As a young girl, I spent hours googling things like "DIY skin lightening masks" and browsed through hundreds of websites looking for masks I could make with items I had at home. I used masks composed of turmeric, milk, and rice flour. I used raw papaya on my face. I tried lemon, cucumber, aloe vera, ANYTHING, that these websites told me would help me become lighter. I even used Fair & Lovely, at only nine years old, in efforts to be a lighter skin tone. I spent days crying, wondering why God had punished me with dark skin. I spent years questioning my beauty and hoping that one day I'd be light skinned. I spent months trying to scrape the darkness off of me. Nothing ever completely worked. I viewed my skin tone as a disease, that I had to get rid of.

In my head, being fair was the epitome of beauty and being dark was synonymous with being ugly. I spent so many summers indoors, so I wouldn't tan. When I did go outside, I made sure to lather my skin in sunscreen and try to cover myself up as much as possible, so that no part of me could get darker than I already was. There were years of aunties exclaiming how kala, dark, I had gotten. My sister and I were even distinguished based on our skin color. She was the shada, light one and I was the kala one. It was horrible to have my insecurities constantly brought up to me as if it was just a simple talking matter.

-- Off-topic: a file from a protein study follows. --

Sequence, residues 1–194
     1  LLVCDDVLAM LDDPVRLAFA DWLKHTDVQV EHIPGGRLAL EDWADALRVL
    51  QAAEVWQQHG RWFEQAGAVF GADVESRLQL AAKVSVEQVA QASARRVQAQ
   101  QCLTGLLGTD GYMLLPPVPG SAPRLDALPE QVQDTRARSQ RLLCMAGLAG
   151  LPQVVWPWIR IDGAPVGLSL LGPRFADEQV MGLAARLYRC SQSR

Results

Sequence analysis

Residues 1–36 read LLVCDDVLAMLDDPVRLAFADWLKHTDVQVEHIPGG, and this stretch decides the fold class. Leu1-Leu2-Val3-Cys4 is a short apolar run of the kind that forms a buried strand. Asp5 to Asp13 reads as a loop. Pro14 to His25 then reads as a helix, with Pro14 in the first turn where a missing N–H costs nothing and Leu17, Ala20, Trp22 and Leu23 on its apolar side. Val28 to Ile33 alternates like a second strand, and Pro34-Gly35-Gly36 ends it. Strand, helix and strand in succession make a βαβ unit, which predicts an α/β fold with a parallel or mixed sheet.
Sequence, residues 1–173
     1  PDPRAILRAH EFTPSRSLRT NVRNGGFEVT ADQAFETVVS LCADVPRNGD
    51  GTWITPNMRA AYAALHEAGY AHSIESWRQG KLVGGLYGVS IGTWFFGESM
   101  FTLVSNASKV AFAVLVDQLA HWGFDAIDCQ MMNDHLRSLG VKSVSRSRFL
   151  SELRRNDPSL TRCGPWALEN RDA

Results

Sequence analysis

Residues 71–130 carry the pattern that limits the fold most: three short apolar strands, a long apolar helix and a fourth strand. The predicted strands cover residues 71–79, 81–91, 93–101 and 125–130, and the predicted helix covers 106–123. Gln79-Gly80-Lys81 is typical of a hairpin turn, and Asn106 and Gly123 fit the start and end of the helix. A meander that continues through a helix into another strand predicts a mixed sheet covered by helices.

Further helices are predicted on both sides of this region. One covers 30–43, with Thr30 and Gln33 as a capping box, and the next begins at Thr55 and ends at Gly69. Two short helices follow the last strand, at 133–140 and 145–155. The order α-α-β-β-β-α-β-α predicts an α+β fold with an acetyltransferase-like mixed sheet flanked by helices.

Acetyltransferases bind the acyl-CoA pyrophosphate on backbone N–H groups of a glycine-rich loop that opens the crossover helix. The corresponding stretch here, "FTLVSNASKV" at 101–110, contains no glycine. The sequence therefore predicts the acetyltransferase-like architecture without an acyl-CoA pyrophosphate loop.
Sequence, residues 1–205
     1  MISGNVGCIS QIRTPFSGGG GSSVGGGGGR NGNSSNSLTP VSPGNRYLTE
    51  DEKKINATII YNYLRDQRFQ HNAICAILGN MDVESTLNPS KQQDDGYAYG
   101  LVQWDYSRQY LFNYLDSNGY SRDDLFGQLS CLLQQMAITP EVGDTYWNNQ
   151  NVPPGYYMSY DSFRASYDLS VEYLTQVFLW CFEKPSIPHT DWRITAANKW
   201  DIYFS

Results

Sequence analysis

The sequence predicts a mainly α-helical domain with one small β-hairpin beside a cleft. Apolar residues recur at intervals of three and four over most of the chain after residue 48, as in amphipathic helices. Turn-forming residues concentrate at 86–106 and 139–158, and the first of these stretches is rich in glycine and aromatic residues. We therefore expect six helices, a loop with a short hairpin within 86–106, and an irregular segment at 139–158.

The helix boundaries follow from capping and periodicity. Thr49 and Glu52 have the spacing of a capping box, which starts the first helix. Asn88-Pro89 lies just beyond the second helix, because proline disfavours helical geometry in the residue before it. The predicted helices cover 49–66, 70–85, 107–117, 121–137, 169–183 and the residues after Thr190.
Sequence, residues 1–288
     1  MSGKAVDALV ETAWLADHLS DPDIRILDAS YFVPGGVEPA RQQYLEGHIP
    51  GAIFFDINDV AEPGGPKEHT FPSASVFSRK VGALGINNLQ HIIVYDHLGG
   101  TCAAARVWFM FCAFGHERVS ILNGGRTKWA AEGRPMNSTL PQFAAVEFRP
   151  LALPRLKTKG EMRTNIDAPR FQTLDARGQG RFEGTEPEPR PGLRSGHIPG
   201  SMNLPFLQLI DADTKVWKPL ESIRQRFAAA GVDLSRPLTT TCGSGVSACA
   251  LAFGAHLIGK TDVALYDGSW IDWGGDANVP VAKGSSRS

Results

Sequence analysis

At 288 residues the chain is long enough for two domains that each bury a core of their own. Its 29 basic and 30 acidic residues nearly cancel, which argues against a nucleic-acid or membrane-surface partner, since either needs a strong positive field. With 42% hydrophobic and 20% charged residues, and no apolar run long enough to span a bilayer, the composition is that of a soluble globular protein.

I wasted so many years, trying to live up to this impossible European standard. I wasted my precious childhood feeling insecure and defeated because of my desire to be lighter. Because of my need to feel beautiful and deep-seated belief that beauty meant being light-skinned, I didn't realize that beauty is so much more than the color of my skin. I was blinded by this so very wrong thought process that I and many Bengali girls have drilled into our heads at a young, influential age. It took years of self-hatred and insecurities, to finally discover that beauty is not, and never will be, defined by Eurocentric beauty standards. This view is problematic and it's time to address this standpoint that South Asian cultures have on skin color.